Tags: jodi arias | update | retrial | jurors

Jodi Arias Update: Retrial Prosecutors Looking for Impartial Jurors

Image: Jodi Arias Update: Retrial Prosecutors Looking for Impartial Jurors
Jodi Arias talks with her defense attorney. (Mark Henle/The Arizona Republic/Pool/Reuters/Landov, file)

By    |   Monday, 29 Sep 2014 02:52 PM

Prosecutors are updating the jury pool for Jodi Arias' penalty retrial as they let go two dozen potential jurors Monday who said they could not be impartial. Convicted murderer Arias could face a death sentence, but a jury deadlocked on punishment the first time.

About 300 prospective jurors will report to the courthouse in Phoenix, with more to come if an impartial panel cannot be found among the first group, The Associated Press reported

On Monday, Alexander's sisters sat in the courtroom, and Arias, 34, glanced back at the media at one point and smiled just before jurors started arriving. More than 20 people were excused within the first 20 minutes of questioning because they said they had followed the case and would not be able to rely only on information presented at trial.

Some said they had seen so much coverage of the trial that they couldn't put it out of their minds or forget what they had seen.

Arias acknowledged killing Travis Alexander in 2008 at his suburban Phoenix home but claimed it was self-defense. He suffered nearly 30 knife wounds, had his throat slit and was shot in the head.

Prosecutors argued it was premeditated murder carried out in a jealous rage when Alexander wanted to end their affair.

The 34-year-old Arias, a former waitress, was found guilty last year. The murder conviction will stand as lawyers spar once again over whether she should die for the crime.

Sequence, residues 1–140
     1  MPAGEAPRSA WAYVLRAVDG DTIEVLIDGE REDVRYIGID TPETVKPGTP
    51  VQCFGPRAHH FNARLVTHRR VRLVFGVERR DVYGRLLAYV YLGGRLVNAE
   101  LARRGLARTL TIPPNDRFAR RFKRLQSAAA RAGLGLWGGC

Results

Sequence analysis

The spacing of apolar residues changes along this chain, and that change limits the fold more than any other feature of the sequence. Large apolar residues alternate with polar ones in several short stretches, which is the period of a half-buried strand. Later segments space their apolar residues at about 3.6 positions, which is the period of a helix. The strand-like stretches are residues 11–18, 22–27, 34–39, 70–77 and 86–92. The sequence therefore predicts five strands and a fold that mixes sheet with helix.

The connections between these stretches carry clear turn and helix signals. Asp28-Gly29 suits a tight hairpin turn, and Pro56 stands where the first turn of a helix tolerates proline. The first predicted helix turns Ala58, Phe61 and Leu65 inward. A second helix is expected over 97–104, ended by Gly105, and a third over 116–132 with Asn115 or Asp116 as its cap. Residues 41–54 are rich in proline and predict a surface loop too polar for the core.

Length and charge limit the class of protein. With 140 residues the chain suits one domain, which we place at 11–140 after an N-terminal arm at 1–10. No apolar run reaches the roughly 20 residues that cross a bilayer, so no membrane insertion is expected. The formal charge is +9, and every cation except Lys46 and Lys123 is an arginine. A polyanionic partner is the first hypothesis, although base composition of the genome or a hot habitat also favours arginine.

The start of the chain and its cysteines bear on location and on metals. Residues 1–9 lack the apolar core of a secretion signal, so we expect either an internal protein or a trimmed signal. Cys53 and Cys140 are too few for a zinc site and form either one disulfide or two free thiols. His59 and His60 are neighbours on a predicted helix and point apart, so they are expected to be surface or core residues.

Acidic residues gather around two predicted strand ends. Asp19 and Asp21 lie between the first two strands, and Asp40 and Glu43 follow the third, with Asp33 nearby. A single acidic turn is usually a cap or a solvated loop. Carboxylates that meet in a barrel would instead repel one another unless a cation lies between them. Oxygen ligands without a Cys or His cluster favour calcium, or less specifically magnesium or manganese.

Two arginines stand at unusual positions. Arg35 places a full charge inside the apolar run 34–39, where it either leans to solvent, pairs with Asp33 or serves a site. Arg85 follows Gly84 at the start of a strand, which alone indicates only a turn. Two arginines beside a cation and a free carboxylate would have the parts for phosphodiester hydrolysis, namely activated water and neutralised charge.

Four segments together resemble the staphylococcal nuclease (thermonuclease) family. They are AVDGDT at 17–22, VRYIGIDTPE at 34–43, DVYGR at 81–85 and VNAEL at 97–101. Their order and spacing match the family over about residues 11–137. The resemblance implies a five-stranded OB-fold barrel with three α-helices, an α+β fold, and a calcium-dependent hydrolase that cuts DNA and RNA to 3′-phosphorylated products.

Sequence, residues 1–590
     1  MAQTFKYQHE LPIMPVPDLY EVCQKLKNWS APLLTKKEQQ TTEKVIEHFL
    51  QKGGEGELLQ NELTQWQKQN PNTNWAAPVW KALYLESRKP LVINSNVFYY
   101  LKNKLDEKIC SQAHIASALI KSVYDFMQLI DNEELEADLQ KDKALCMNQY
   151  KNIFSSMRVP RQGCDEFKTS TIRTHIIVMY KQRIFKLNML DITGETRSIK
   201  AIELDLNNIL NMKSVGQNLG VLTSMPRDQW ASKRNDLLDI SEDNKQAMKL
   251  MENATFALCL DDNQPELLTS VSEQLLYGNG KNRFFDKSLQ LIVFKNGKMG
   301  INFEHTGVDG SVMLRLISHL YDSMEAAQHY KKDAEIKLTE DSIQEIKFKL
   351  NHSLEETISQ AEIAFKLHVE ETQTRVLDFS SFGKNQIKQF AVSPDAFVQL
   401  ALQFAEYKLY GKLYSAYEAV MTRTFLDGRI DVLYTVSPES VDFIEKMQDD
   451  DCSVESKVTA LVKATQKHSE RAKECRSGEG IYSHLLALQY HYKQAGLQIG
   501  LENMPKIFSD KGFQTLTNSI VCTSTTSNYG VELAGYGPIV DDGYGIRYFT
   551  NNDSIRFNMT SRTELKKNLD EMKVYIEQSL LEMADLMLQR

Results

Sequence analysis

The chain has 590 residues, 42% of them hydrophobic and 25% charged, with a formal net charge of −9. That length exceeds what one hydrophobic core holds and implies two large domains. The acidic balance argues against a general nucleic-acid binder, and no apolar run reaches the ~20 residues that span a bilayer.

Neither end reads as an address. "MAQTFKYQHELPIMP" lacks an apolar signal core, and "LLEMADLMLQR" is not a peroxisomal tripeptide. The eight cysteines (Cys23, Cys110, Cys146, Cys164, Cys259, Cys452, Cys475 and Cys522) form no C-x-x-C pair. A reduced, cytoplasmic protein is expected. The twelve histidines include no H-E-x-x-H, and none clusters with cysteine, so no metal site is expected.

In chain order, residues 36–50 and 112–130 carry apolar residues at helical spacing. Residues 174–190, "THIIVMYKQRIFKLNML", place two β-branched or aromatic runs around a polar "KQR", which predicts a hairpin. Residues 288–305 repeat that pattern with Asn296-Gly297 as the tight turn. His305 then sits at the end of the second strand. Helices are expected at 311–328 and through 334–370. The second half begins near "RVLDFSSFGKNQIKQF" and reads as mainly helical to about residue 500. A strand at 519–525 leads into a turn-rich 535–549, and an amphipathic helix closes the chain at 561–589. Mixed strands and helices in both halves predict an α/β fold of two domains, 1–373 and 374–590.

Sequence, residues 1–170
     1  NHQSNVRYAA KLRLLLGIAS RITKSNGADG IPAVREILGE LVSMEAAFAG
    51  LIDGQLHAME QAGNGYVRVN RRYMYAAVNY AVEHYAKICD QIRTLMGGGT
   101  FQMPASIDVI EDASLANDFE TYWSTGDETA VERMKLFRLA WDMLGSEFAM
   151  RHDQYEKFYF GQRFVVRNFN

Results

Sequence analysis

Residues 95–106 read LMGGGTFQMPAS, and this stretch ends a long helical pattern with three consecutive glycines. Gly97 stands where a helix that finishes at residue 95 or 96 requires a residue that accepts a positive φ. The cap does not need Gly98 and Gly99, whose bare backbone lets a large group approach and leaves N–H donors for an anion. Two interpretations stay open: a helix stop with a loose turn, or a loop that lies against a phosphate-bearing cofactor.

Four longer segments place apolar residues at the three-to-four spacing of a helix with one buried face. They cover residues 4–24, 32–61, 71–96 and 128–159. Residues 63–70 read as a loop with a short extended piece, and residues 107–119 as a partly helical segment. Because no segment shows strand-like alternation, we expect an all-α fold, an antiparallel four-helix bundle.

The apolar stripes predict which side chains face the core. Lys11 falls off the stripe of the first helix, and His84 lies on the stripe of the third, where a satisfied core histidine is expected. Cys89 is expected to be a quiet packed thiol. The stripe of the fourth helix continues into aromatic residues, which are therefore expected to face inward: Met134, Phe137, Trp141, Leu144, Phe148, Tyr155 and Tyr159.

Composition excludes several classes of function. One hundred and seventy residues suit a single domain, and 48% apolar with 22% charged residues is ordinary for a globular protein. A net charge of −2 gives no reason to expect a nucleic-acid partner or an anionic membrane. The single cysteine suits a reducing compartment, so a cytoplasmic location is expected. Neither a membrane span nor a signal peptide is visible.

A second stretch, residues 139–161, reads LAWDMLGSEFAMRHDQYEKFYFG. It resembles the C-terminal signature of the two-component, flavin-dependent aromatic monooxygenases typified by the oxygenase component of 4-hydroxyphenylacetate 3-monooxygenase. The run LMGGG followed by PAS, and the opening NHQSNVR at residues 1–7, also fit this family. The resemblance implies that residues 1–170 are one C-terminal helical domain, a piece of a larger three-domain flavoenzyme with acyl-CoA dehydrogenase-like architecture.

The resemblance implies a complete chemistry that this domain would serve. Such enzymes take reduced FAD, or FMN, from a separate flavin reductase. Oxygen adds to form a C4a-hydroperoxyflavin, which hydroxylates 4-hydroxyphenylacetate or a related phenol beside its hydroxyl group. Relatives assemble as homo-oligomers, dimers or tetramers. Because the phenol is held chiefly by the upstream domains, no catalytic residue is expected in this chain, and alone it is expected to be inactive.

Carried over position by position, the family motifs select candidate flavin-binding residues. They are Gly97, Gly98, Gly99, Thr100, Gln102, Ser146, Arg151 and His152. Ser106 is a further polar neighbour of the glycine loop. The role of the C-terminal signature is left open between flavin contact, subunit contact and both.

If the new jury fails to reach a unanimous decision, the death penalty will be removed as an option and a judge will sentence Arias to spend her life behind bars or to be eligible for release after 25 years.

Arias' five-month trial began in January 2013 and was broadcast live, providing endless cable TV and tabloid fodder, including a recorded phone sex call between Arias and the victim, nude photos, bloody crime-scene pictures and a defendant who described her life story in intimate detail over 18 days on the witness stand.

Alexander's family sat in the front row of the courtroom throughout the trial, often sobbing, looking away from horrific photographs, and wincing as Arias described the victim as an abusive boyfriend who wanted nothing but sex.

It was a far cry from the man Alexander presented himself to be publicly - a devout Mormon in search of his soul mate.

The family will now have to sit through several more months of testimony and evidence as Arias' attorneys try to save her life.

"I don't want these nightmares anymore. I don't want to have to see my brother's murderer anymore. I don't want to hear his name dragged through the mud," Stephen Alexander told jurors through tears during Arias' first penalty phase.

The retrial, expected to last until mid-December, will not be televised live this time after the judge ruled that no video footage can be broadcast until after the verdict.

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Prosecutors are updating the jury pool for Jodi Arias' penalty retrial as they let go two dozen potential jurors Monday who said they could not be impartial. Convicted murderer Arias could face a death sentence, but a jury deadlocked on punishment the first time.
jodi arias, update, retrial, jurors
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2014-52-29
Monday, 29 Sep 2014 02:52 PM
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